This week, I walked out of the barber shop this week and asked a friend, an African-American professional, to name his top concern of 2015.
Without hesitating, he said with conviction, “Police brutality and racial justice.”
His response did not come as a surprise. I suspect that other Black men and women feel the same.
Just days after our conversation about the troubling number of police assault cases against Black men and women in America, we learned that a Baltimore judge declared a mistrial on Wednesday in the trial of Baltimore police officer William Porter, who was charged with involuntary manslaughter in the death of Freddie Gray.
The jury of seven women and five men was unable to reach a verdict after about 16 hours of deliberations.
“I do declare a mistrial,” Williams said. He said an administrative judge would set a new trial date this week.
Porter is the first of six Baltimore police officers to stand trial in Gray’s death. Three of the officers, including Porter, are Black. The mistrial highlights the ongoing difficulty for some jurors: Delivering a guilty verdict against a police officer. And Gray’s death adds to a growing list of cases involving the questionable killings of Black men – and women – by police officers across America.
It’s become a crisis is this republic – a description that some would prefer to downplay. But what’s needed is a continued bright light shined on the issue of police brutality and excessive use of force among police officers so, perhaps, some cops will think twice before assaulting – and killing – unarmed Black people.
Numerous cases of police abuse have sparked protests by the advocacy group “Black Lives Matter” and civil rights activists and congressional leaders are calling for investigations of police departments across the country.
In Chicago, for example, the U.S. Justice Department has opened a civil rights investigation into the Chicago Police Department after a police officer was caught on video shooting a black teen 16 times.
Attorney General Loretta Lynch is also conducting investigations of police departments in Baltimore, Cleveland, New York, Seneca, S.C., and Ferguson, Missouri, following the deaths of Black men involving police officers since 2013.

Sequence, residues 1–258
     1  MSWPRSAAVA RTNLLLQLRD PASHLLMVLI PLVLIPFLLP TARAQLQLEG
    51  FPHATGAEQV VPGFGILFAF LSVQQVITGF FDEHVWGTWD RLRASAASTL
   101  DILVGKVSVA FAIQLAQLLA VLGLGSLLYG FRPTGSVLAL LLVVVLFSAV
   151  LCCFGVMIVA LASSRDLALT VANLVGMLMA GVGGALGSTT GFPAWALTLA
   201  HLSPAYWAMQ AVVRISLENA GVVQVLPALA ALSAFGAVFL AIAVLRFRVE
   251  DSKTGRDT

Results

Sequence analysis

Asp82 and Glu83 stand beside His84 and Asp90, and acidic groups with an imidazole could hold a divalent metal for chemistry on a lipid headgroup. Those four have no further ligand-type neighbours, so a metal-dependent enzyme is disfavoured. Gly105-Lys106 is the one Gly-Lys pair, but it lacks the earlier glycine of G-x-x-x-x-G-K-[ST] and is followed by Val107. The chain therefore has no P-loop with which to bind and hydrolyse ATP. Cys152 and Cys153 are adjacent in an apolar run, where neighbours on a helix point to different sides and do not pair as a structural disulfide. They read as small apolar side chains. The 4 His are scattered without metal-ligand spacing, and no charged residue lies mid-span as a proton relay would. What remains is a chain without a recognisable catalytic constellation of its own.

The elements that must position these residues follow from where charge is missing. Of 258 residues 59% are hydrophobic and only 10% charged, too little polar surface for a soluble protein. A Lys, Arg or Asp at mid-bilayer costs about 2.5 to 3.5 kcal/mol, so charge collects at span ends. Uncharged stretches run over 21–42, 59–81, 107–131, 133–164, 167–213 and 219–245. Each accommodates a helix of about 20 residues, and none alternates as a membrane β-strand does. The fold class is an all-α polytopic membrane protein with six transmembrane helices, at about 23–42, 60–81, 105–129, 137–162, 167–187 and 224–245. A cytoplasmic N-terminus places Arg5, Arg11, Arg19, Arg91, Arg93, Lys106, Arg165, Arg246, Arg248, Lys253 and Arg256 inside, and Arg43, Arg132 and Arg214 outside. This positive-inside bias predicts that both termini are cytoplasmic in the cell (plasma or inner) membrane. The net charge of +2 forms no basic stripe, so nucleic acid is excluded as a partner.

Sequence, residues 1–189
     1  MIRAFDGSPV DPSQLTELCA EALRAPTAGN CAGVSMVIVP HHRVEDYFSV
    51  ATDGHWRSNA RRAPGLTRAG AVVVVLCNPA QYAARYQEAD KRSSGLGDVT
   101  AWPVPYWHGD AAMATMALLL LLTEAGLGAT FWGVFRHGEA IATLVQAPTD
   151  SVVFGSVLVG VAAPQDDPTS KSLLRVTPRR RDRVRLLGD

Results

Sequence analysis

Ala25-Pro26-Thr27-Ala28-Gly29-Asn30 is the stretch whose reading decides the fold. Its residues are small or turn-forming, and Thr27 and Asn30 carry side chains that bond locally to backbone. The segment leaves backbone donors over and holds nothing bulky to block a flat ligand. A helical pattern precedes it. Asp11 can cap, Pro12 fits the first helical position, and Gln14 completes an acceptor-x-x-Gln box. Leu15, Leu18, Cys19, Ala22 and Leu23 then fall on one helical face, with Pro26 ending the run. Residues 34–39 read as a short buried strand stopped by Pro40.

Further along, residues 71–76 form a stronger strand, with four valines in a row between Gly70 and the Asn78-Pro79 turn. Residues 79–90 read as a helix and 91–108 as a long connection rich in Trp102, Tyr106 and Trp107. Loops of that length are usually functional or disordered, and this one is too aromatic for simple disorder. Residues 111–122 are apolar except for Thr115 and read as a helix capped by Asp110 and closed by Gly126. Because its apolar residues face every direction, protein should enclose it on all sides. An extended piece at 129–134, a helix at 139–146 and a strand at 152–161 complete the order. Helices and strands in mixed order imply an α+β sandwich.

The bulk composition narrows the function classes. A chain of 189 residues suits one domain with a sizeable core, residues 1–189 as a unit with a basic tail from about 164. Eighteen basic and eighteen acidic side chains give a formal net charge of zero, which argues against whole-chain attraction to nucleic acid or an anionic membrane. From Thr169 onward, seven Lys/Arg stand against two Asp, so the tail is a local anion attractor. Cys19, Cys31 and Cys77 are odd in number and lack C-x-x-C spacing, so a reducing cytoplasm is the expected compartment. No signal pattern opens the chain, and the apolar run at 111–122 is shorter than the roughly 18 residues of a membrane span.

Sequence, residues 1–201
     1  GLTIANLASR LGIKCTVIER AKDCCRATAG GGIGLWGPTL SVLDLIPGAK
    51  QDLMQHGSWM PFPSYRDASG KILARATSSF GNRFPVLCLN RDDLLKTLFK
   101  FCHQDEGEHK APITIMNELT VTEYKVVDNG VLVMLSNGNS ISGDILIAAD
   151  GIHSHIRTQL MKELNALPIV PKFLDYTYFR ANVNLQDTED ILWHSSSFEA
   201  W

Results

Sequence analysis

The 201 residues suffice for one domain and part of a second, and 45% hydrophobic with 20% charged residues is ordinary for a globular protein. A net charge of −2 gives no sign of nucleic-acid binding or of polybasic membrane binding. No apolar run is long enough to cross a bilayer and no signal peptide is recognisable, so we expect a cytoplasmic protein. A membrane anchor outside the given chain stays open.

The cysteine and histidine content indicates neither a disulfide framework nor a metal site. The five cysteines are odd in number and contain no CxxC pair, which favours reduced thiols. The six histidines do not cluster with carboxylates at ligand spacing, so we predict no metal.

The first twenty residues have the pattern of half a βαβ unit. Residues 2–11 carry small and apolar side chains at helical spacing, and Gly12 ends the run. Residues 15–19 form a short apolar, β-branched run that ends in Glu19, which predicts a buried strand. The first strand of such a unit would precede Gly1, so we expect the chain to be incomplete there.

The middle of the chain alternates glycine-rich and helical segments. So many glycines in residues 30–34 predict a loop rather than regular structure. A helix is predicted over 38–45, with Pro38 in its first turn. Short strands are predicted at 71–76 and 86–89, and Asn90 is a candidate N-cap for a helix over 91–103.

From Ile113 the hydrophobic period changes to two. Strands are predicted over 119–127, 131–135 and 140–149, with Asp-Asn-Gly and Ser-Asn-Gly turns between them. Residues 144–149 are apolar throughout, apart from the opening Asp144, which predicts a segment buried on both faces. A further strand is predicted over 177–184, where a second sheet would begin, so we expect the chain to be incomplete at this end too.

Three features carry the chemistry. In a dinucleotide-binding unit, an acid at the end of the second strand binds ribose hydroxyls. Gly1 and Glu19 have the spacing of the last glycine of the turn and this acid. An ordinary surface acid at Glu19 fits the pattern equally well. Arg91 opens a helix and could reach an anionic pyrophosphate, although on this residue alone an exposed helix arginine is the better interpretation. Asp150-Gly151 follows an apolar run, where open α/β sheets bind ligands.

“Every American expects and deserves the protection of law enforcement that is effective, responsive, respectful and constitutional,” Lynch said.
“When community members feel they are not receiving that kind of policing, when they feel ignored, let down or mistreated by public safety officials, there are profound consequences for the well-being of their communities,” she said.
Here are a few other cases listed in The New York Times involving police and Black men that warrant attention:
- Protesters are demanding that San Francisco Police Chief Greg Suhr resign in wake of death of Mario Woods, young black man who was shot at least 15 times by police officers.
- Former Oklahoma City Police Officer Daniel Holtzclaw was found guilty of 18 of 36 counts of sexual assault in attacks on 13 black women.
- Los Angeles County Sheriff’s Department deputies fatally shot Nicholas Robertson, who had a gun, in front of gas station using 30 bullets. Cops say Robertson fired six times during altercation but residents say the case underscores the tension between the Black community and police officers.
- Chicago Police Commander Glenn Evans, accused of putting a gun in a suspect’s mouth and holding a Taser to his groin in 2013, was found not guilty of felony charges.
- A Florida deputy sheriff was indicted for the shooting death of a man with an air rifle. It is the first time in 35 years that an officer in Broward County, Florida has been charged in an on-duty fatal shooting.
Unfortunately, the list continues to grow.
Here’s how Charles Blow, a black columnist for The New York Times, put it: “The only reason that these killings keep happening is because most of American society tacitly approves … If America wanted this to end, it would end.”
Tough talk? Yes.
Does Blow have a point? Absolutely.
And so does my friend from the barbershop.
What do you think?